Structural plywood is also called sheathing plywood, as it is known for durability and strength in framing and building. This kind of plywood is used inside and outside for framing, beams, flooring, and bracing panels. Typically, structural plywood is given C or D grade hence why they are inexpensive.
10. Moisture Resistant Plywood
Moisture-resistant (MR) plywood is also called commercial ply, and it is used considerably inside from furniture pieces to cabinets. Since it is resistant to moisture in damp and humid conditions, moisture-resistant plywood is the perfect pick in tropical areas. But it is not waterproof, unfortunately.
11. Boiling Water Resistant and Boiling Water Proof Plywood
Boiling water resistant (BWR) and boiling waterproof (BWP) plywood is used indoors and outdoors. As the name suggests, it is water resistant and perfect for all weather conditions. Typically found in kitchens and bathrooms due to the large exposure to water. Since it is waterproof, the type of plywood is ideal for exterior wall cladding and staircases.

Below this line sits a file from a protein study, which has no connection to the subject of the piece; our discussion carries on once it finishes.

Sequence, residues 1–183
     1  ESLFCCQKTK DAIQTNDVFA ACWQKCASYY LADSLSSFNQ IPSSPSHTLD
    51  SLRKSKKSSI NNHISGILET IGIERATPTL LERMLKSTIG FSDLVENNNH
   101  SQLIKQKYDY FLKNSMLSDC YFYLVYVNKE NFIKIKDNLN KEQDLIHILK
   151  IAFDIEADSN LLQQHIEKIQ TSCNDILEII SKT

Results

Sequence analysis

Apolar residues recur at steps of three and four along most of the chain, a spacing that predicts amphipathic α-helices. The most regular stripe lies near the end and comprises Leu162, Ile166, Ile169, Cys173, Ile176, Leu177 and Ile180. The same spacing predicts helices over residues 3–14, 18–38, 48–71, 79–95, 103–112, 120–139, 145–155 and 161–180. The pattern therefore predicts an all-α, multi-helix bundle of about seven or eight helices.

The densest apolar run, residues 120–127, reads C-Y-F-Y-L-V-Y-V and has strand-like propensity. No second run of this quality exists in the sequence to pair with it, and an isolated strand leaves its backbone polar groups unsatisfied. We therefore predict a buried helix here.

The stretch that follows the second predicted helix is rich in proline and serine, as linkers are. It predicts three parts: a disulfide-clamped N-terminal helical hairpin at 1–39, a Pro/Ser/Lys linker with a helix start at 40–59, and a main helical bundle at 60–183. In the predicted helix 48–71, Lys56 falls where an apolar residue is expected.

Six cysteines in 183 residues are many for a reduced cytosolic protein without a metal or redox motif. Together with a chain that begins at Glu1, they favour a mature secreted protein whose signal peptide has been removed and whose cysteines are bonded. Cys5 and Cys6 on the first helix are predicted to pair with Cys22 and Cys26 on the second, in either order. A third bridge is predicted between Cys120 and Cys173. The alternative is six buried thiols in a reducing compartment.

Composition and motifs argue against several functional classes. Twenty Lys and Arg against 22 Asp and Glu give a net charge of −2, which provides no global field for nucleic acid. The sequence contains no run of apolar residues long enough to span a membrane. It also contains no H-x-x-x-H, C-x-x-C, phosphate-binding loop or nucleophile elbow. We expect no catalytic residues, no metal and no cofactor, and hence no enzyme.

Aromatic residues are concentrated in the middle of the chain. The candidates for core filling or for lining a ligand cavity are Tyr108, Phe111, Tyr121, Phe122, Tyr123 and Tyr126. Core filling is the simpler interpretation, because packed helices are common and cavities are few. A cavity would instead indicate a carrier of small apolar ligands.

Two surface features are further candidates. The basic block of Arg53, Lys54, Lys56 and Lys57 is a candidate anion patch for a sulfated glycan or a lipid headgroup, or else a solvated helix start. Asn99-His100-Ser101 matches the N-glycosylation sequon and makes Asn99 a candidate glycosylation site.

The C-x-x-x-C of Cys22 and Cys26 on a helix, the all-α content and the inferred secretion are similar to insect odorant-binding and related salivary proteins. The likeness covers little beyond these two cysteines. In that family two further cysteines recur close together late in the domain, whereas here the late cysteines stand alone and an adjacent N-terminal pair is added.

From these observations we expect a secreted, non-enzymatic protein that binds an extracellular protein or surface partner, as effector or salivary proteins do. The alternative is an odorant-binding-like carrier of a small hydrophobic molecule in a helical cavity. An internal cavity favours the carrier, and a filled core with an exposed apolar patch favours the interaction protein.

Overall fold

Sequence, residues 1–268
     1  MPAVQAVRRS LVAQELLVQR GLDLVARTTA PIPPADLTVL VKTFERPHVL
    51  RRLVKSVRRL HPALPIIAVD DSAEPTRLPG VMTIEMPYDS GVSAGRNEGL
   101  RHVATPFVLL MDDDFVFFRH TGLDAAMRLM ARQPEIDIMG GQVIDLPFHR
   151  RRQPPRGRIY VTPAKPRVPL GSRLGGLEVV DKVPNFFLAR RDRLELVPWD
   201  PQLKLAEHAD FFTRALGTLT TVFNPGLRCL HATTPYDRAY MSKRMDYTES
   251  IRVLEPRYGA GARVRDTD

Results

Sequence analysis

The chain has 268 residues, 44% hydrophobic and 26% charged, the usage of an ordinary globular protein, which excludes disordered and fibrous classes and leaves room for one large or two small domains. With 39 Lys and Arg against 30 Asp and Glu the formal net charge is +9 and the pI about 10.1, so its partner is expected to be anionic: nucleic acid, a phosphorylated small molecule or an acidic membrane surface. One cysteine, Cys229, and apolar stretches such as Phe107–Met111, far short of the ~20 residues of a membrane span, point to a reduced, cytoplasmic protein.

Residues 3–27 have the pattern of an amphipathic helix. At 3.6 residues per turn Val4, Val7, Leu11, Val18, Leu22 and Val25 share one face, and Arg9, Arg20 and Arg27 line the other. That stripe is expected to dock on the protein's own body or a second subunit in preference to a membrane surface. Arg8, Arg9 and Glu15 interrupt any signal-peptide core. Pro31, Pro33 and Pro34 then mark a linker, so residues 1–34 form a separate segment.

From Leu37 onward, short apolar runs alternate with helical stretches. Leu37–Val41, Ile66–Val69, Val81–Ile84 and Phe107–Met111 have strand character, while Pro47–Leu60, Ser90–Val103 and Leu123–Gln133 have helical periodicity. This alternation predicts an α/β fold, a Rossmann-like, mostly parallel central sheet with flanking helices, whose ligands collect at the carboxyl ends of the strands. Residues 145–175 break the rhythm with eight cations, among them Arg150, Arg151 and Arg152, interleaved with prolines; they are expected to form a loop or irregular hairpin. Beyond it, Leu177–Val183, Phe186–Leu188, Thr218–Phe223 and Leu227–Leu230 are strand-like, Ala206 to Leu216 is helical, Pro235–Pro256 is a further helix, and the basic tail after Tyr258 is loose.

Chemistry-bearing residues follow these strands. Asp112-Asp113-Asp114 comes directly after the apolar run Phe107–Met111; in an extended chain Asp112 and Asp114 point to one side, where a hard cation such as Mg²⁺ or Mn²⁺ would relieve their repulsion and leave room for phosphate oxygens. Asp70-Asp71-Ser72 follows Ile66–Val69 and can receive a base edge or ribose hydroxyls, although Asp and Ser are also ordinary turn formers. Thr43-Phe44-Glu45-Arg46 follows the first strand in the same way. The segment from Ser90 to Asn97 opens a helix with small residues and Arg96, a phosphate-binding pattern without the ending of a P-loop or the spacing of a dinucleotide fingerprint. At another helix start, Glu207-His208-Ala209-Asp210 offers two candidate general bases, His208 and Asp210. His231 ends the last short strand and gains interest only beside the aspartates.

12. Sanded Plywood
Sanded plywood’s top, bottom, and face plies are sanded so that they look uniform and smooth. That’s why it has a high finish quality and the ideal strength-to-weight proportion. Sanded plywood is used for paneling, cabinets, and shelves. It is strong, so that’s why it can be utilized for structural applications.
13. Flexible Plywood
Flexible plywood is used for curves and bends in construction frames and furniture pieces. It is made from cross-grained central ply and thick cross-grained plys on both sides; overlaid wooden veneers are on the surface level for a shiny and decorative surface.
14. Construction Plywood